How do you plan to use your (future) Relay?


#1

I’m likely in for a 3-pack. Here’s what I’m thinking:

  1. For my youngest who is 9 anything that reduces screentime is fantastic.
  2. For my middle son who is 12 and has a smartphone, but is a rough and tumble kid. Giving him something he can carry in his pocket when climbing a tree, rolling down a hill, etc that we don’t have to worry about breaking, is fantastic.
  3. Me. I love doing things outside. Things like paintball can get rough and messy. I carry my smartphone now so that my wife can reach me in an emergency, or just to check-in. Being able to leave the phone in the car and carry a Relay in this situation really sound attractive.

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#2

I’m think I only need one as long as the app works from multiple phones (I have 9 year old)

we are planning on using it at scout camp-outs to keep tabs of him and the other cub scouts.


#3

I’m still on the fence about whether I’d order right away. The technology lover in me wants to get my hands on one to play with as soon as they’re available. But my kids are 5, 2, and <1 right now. The 5-year old is getting close to an age where I could see this being helpful, but it’s definitely not needed. And while I could definitely find uses for this as an adult, this is clearly in the “nice-to-have” rather than “must-have” category.

So we’ll see. My nephews and nieces are also at ages where this would be a huge help, so maybe I’ll use that as my justification for pulling the trigger. :thinking:

Kid uses that seem interesting:

  • keeping in touch with parents while at a park or someone’s house
  • school/activity pickups
  • setting up plans with friends
  • walkie-talkies while camping/hiking

Adult uses I’d like to try:

  • taking on a run or to other athletic activity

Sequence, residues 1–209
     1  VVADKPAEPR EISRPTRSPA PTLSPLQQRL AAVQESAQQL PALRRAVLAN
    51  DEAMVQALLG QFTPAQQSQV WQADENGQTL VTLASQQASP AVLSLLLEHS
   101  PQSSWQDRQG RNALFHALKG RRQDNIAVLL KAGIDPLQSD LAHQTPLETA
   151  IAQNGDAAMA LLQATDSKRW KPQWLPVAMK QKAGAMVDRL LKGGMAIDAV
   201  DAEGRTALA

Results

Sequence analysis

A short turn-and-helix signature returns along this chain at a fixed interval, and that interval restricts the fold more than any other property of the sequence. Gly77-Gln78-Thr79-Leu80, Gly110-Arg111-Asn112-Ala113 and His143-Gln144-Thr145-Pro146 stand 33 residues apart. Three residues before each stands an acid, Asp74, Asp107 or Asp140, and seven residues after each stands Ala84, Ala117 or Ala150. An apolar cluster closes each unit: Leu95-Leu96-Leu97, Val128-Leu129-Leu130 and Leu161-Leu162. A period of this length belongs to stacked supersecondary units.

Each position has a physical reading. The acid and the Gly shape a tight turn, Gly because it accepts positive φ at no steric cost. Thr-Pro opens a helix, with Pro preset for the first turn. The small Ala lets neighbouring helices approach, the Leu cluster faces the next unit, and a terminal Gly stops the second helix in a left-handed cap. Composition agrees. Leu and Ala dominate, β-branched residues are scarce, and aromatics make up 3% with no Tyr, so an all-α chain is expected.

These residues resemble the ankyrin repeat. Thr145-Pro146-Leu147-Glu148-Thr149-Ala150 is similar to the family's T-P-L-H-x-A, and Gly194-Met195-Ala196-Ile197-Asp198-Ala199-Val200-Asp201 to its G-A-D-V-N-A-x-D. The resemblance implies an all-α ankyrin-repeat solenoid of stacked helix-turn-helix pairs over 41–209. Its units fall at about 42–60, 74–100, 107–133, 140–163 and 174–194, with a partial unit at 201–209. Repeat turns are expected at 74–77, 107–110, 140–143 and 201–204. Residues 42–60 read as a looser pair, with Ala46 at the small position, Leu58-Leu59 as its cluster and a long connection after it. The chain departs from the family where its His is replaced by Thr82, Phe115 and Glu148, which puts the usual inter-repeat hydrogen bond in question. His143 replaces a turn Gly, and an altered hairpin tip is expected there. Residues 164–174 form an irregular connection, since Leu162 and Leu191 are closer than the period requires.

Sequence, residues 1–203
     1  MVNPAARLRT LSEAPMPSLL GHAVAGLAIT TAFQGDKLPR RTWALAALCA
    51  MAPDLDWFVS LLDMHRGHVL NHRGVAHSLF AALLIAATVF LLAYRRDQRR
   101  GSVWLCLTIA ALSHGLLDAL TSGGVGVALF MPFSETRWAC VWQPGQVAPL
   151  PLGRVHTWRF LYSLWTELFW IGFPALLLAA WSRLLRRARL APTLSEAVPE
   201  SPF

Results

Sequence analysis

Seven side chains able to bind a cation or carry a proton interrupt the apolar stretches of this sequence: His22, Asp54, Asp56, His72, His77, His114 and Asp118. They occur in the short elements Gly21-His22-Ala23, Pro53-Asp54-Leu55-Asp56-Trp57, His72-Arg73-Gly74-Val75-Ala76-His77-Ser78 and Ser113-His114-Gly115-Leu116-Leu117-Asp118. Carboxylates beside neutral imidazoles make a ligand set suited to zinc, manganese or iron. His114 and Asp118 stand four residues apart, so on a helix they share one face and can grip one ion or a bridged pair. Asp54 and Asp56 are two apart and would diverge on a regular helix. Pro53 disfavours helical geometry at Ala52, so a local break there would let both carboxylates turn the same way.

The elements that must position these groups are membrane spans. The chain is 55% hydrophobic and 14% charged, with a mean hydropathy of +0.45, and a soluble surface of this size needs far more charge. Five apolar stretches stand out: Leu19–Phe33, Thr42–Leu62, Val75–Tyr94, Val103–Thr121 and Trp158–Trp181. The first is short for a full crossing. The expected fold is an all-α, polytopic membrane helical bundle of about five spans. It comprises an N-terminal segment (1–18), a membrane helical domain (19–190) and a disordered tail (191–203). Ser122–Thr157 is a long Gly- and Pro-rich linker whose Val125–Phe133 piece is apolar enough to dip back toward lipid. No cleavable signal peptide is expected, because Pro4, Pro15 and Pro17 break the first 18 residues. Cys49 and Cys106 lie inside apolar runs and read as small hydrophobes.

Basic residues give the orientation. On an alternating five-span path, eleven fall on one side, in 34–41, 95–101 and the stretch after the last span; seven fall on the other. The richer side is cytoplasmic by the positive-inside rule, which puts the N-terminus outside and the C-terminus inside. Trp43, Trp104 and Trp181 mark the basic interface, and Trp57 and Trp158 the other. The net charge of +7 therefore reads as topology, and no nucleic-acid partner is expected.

• leaving behind your phone while still being reachable
  • driving in a caravan on a trip

#4

My daughter and her family needs one attached to the collar of her dog. The dog ran away recently and maybe a simple, “get back here” command over the Relay would have helped. If nothing else, a locator would have made life so much easier. Even someone finding the dog could have made a blind announcement on the Relay around her neck :slight_smile:


#5

As a ham radio operator, I’m quite familiar with push-to-talk communications, and there are many situations where it is extremely convenient and possibly the best communication method. For example…

Casual intermittent conversation, like friends might have if they are in the same room, but aren’t. While a phone is great for continuous conversation, the Relay would be far better for occasional random comments.

Driving in a caravan/convoy. Less distracting to use, and again, the medium readily lends itself to intermittent bursts of chatter with longer quiet periods in-between, yet can still be comfortably used for a “real” conversation when needed.

A family or group of friends can easily keep in touch at a campsite, while hiking or biking, or at a shopping mall or theme park. The small size and wrist-wearability is more convenient than having a phone or radio clipped on a belt, and the range is virtually infinite (as long as you’re in reach of WiFi or Cellular signal, of course, but some sort of peer-to-peer capability might be nice to add, if possible, on the next generation - hint, hint).

Would make for a super-cool doorbell button - answer your door from anywhere. Would even work for full-time RV dwellers, who might not have the internet access required for traditional “connected” doorbells.

I want to get at least two, maybe three, to explore some of these possibilities - both as a substitute for handheld amateur (or FRS) radios when greater distance coverage is needed, and for experimenting with “alternative” uses for RVers and travelers.


#6

I am really looking forward to Relay. I plan to use it with my older kids go to friends houses and explore the outdoors. I’m also interested in trying it as someone who is visually impaired, it may be the perfect phone for those, like me, who cannot easily see the screen on a traditional phone.


#7

Just remember, this isn’t a phone. It is a device that can contact other of the same devices and the associated app, but can’t make calls to phone numbers (or get them).


#8

I’m in the same boat right now with how I plan on using my Relay as an adult!
I personally don’t have kids, so it’s exciting to consider what use cases there will be from an adult communication standpoint.
One of the first things I thought of is something you’ve noted, simply taking a walk or run. My neighborhood is in the downtown area & it will definitely be nice to bring along my Relay for communication when I want to unplug and be away, but have the peace of mind to confidently leave my phone at the house. Sometimes our smartphones can feel like extra limbs that we just cannot go without, but Relay will help me break that feeling :wink:


#9